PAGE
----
In Scripture, as well as in everyday speech, hyperbole, meaning exaggeration for the sake of emphasis, is a frequent figure of speech. It is something that if meant literally would be a falsehood, but as hyperbole it makes a strong impression. For example, in Psalm 58:3 the wicked are described as going “astray as soon as they be born, speaking lies.” That at the moment born they would actually speak lies, or anything else, is hardly possible. Instead of being literal this exaggeration is used to emphasize their lifelong evil character. This can be compared to Psalm 51:5, which Calvinists have misappropriated to teach inherent depravity. Rightly understood, David is only emphasizing the enormity of his transgression. The Psalms are poetry and as such use poetic devices, i.e., figures of speech. Poetry should not be used to establish point of doctrine.
Another important distinction is in the figure of speech called synecdoche. This is the practice of referencing the whole by naming a part. One example of this is in reference to the Lord’s Supper. Acts 20:7 tells of the church meeting to “break bread,” but it actually refers to partaking of both the bread and the cup, and probably the entirety of the worship assembly. A frequent use of synecdoche is in various passages pertaining to salvation from sin. For example, reference is made to the time when Roman Christians “first believed,” meaning when they were converted. “Believed” is not used to exclude obedience, i.e., “belief only,” but as part of the whole process of conversion (Rom. 13:11; 6:17f). Closely related is metonymy, a figure which names something connected with a thing to represent it. For example, “the cup” is used to represent what is in the container, i.e., “the fruit of the vine” which is in the cup.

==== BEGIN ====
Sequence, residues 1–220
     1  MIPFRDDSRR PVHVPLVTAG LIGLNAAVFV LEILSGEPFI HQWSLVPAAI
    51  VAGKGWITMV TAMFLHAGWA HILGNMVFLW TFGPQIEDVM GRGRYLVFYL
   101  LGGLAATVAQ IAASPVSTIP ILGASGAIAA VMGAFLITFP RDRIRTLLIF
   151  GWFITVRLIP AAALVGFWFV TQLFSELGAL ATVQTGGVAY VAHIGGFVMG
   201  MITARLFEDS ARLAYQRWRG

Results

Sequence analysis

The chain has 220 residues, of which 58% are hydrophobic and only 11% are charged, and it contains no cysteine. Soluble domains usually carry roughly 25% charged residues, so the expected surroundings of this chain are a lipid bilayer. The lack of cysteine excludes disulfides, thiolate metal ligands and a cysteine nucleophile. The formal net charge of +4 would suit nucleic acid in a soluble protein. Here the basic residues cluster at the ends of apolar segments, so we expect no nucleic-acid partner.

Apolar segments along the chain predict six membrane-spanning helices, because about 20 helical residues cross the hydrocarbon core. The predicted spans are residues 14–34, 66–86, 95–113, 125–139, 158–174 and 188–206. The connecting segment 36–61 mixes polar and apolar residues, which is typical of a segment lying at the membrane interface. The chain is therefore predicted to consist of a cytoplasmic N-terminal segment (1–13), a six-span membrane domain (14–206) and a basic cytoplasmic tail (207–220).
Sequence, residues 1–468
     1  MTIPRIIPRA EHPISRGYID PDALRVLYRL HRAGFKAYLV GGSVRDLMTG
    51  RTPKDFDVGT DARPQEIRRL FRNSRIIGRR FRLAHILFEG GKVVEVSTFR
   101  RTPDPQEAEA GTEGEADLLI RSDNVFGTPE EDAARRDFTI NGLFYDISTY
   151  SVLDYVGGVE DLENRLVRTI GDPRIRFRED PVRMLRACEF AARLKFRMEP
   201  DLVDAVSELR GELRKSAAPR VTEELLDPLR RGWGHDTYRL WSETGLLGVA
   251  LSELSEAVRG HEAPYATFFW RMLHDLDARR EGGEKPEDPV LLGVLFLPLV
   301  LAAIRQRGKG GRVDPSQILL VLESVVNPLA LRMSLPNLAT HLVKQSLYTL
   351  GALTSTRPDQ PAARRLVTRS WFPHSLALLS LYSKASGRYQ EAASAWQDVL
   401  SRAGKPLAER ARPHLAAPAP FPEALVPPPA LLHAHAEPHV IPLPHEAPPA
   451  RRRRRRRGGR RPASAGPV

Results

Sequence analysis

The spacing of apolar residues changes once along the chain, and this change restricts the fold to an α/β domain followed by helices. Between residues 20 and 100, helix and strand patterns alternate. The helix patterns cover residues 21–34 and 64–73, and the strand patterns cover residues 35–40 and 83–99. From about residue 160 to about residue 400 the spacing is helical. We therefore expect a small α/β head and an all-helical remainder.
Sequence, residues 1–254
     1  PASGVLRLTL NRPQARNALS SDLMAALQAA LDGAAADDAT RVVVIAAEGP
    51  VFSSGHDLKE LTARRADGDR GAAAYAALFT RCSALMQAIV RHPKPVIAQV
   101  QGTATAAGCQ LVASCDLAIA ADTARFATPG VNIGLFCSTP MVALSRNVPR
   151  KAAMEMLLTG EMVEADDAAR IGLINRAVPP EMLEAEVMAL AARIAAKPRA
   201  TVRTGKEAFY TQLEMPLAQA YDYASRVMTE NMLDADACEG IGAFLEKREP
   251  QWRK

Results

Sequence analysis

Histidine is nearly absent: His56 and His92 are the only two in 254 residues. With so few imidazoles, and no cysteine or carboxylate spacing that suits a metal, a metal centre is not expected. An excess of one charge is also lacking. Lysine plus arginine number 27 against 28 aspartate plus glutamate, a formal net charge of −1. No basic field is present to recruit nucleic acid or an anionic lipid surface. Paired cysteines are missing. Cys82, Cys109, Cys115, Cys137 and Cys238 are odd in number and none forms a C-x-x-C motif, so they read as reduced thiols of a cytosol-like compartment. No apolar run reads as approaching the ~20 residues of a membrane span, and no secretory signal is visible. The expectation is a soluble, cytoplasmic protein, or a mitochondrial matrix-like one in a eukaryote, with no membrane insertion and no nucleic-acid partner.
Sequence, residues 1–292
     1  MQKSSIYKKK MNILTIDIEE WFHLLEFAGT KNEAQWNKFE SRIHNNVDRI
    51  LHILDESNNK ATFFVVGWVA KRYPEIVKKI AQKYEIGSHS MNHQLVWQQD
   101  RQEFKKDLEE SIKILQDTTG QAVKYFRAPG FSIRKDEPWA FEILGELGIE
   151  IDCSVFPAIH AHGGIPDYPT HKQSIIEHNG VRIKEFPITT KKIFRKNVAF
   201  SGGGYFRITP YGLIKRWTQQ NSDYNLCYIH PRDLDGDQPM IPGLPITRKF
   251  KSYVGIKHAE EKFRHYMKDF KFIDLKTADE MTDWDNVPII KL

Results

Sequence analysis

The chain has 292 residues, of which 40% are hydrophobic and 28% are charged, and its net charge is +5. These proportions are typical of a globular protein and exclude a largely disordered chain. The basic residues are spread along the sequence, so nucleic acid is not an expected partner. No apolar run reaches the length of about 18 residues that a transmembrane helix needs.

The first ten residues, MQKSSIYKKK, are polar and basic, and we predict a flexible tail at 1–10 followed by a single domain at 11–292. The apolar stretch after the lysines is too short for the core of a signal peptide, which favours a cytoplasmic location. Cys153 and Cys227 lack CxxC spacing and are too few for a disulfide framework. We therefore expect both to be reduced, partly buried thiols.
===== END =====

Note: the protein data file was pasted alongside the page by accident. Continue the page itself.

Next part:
Literary scholars have numerous definitions of different kinds of figures of speech. In most cases, the average reader will recognize when figurative language is being used and will grasp the point being made. Some basics points to remember are:
1. Figurative interpretations must always be in harmony with the context, including the entire context of Scripture. Symbolism must not contradict plain Bible truth.
2. It is figurative if the literal meaning involves an impossibility. For example, Jesus said, “Let the dead bury the dead.” Here, “dead” is figurative in one instance and literal in the other. Obviously, literally “dead” persons cannot bury anything.
3. It is figurative if the literal sense would demand wrong actions or forbid doing right. For example, Matthew 5:29-30 should not be understood as a requirement to mutilate one’s body to avoid sin.
Bible study is one of the most fulfilling actions one could undertake. It is my hope that the points made in this article will be of assistance to you in your study of God’s Word.
David serves the Charlotte Avenue congregation in Rock Hill, SC, and is on the board of directors for the Carolina Messenger.